Hundreds of thousands of Americans have received phony phone calls purporting to be from the IRS. Scammers may demand payment for taxes owed or lure the unwary with promises of unexpected tax refunds. Like most con artists, tax fraudsters actually want access to financial accounts and sensitive personal information. The IRS has noted an uptick in over-the-phone tax scams and has the following tips:
•Fraudsters may know a lot about you when they call and may be able to spoof your caller ID to show that they are calling from an official number.
•If you don't answer the phone, they may leave an urgent callback request.
•If you receive a call that you think might be from the IRS, take down the agent's information and call them back at the official IRS hotline: 1-800-829-1040.
Remember, the IRS will never:
•Call you without mailing an official notice first.
•Demand that you immediately pay your taxes over the phone.
•Take a debit or credit card number over the phone.
•Threaten to call law enforcement or immigration services to arrest you for failure to pay.
If you believe that you (or someone you know) have been the victim of tax fraud, you can report the incident to TIGTA at 1-800-366-4484 or at www.tigta.gov. You can also contact the Federal Trade Commission at www.ftc.gov. Use their "FTC Complaint Assistant" to report the scam. Please add "IRS Telephone Scam" to the comments of your complaint.
If you are worried about owing money to the IRS, contact a qualified tax expert or call the IRS directly at 1-800-829-1040.
Tip courtesy of IRS.gov
Fix Slices by Avoiding Flying Elbows
If you're struggling with pulled shots or slices, a flying elbow may be the cause. A common mistake amateurs make is to let their right elbow float away from their body at the top of the backswing. If this sounds like you, imagine yourself as a waiter carrying a tray of dishes; at the top of your backswing, you need to keep your forearm in a vertical position to avoid spilling your dishes. Practice this technique to keep your elbow relaxed and in towards your body.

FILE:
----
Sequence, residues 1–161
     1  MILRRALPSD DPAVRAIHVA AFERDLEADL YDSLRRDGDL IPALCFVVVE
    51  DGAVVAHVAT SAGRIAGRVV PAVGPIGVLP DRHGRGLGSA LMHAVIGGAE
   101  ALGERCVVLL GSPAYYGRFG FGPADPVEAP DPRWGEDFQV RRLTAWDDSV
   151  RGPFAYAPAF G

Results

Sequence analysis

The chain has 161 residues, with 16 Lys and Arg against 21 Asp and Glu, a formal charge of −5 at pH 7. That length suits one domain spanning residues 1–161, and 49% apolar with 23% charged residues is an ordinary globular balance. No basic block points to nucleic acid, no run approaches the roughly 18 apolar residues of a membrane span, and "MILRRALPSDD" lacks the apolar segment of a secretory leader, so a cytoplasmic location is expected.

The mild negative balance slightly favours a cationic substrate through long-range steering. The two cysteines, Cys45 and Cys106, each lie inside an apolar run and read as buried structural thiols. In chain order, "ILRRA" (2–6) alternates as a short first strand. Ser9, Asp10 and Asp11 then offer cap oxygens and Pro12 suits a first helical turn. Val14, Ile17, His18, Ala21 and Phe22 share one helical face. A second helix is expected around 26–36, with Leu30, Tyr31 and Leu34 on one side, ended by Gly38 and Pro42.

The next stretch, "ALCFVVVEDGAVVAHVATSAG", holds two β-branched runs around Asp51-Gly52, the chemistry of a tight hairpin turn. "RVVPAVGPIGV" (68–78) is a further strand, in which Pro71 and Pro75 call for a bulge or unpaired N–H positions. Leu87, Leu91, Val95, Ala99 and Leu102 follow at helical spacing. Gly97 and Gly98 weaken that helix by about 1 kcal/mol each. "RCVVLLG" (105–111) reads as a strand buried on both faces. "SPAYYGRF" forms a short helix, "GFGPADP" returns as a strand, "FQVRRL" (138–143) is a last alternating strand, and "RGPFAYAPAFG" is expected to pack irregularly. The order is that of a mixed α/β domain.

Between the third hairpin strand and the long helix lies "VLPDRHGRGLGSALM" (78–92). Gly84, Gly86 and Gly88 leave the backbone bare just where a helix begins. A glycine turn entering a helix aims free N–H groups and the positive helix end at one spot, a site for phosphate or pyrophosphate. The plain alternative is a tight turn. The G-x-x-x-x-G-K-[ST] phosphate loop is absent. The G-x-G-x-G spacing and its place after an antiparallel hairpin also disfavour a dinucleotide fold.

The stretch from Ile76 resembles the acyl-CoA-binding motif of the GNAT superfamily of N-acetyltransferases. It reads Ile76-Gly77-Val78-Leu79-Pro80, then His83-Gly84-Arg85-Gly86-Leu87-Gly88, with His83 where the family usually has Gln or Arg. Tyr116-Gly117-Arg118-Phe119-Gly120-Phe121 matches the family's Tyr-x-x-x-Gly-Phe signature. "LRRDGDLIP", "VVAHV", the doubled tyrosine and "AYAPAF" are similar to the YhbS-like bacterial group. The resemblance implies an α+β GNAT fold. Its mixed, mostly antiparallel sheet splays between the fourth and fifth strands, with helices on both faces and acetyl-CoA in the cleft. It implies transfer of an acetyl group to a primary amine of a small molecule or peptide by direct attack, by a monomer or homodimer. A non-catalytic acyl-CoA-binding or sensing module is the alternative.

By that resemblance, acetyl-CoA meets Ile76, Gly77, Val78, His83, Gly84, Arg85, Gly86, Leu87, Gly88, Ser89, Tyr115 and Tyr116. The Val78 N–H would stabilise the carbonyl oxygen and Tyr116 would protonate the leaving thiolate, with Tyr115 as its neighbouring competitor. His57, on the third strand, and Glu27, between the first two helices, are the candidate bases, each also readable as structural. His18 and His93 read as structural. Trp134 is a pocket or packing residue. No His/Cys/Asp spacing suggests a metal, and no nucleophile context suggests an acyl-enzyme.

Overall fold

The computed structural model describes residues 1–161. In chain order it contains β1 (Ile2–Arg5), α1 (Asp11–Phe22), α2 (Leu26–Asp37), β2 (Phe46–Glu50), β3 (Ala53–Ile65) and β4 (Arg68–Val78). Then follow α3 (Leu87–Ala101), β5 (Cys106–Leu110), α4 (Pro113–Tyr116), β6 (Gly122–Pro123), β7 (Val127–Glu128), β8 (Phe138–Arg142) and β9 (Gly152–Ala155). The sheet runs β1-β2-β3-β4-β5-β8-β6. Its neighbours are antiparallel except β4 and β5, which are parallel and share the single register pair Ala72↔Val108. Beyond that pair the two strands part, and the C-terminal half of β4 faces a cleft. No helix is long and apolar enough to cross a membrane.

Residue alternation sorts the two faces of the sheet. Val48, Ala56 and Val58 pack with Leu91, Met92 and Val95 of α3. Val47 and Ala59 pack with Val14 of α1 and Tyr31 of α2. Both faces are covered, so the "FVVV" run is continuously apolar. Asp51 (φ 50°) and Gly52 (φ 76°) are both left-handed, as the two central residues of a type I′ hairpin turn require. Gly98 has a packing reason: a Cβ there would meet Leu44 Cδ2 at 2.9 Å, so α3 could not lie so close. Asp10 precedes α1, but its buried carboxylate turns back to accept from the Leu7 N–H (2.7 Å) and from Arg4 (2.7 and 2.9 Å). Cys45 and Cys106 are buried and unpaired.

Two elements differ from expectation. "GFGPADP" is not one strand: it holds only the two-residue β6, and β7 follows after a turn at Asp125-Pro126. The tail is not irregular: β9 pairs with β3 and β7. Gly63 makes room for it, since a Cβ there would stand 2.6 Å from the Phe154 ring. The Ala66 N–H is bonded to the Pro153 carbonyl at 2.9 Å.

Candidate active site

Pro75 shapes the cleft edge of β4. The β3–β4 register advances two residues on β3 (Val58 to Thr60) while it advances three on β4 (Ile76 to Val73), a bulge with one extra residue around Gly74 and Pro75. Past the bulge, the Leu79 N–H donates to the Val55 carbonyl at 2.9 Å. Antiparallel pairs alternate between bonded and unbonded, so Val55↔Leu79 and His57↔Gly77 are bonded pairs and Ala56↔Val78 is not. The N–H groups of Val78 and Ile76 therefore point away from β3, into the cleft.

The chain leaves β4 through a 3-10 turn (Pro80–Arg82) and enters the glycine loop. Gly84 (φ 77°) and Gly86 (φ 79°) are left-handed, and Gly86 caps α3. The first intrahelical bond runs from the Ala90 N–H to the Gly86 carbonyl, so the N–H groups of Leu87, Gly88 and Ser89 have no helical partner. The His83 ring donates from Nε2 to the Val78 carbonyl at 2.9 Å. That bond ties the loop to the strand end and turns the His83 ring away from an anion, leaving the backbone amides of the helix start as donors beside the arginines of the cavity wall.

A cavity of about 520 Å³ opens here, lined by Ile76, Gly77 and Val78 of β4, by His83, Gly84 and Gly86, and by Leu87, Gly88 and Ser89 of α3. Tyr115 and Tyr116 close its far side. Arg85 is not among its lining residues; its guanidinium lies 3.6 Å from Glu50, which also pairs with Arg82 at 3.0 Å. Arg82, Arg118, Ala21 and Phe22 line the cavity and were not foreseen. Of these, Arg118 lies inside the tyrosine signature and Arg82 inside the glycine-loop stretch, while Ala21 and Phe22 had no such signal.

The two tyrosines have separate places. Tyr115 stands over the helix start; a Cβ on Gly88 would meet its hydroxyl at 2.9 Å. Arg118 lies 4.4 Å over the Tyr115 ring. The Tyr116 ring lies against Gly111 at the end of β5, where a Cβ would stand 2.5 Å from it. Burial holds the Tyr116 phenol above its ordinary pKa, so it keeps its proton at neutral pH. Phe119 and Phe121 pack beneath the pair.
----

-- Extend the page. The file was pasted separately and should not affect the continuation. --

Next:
Tip courtesy of Al Wagner | Golf Tips Mag
Ask Your Pharmacy About Old Prescriptions
Getting rid of old and expired medications is often a hassle, but new regulations mean that pharmacies, clinics, and hospitals may be allowed to take back old drugs. It's a good idea to dispose of your old medications to avoid accidentally mixing up your prescriptions and to reduce the odds that potent medications could be stolen.
Ask your local pharmacy about options to drop off or mail in your expired medications. If you are unable to find a clinic or pharmacy willing to take back old medications, contact your local police station to find out the date of the next drug take-back event.
Tip courtesy of AARP
Avoid Contaminating Natural Areas
The next time you go for a walk in a natural area, think about what pests and organisms you might be transporting home on the soles of your boots or shoes. Ecologists are concerned about the effects of invasive plants and diseases on delicate environments. To avoid contributing to the problem, The Nature Conservancy recommends:
•Picking off the seeds and detritus on the bottom of your shoes and boots before getting into the car.
•Cleaning your soles with a 10 percent bleach solution between hikes to kill off organisms.
•Carefully washing clothing and gear with hot soapy water to avoid contamination.
Tip courtesy of The Nature Conservancy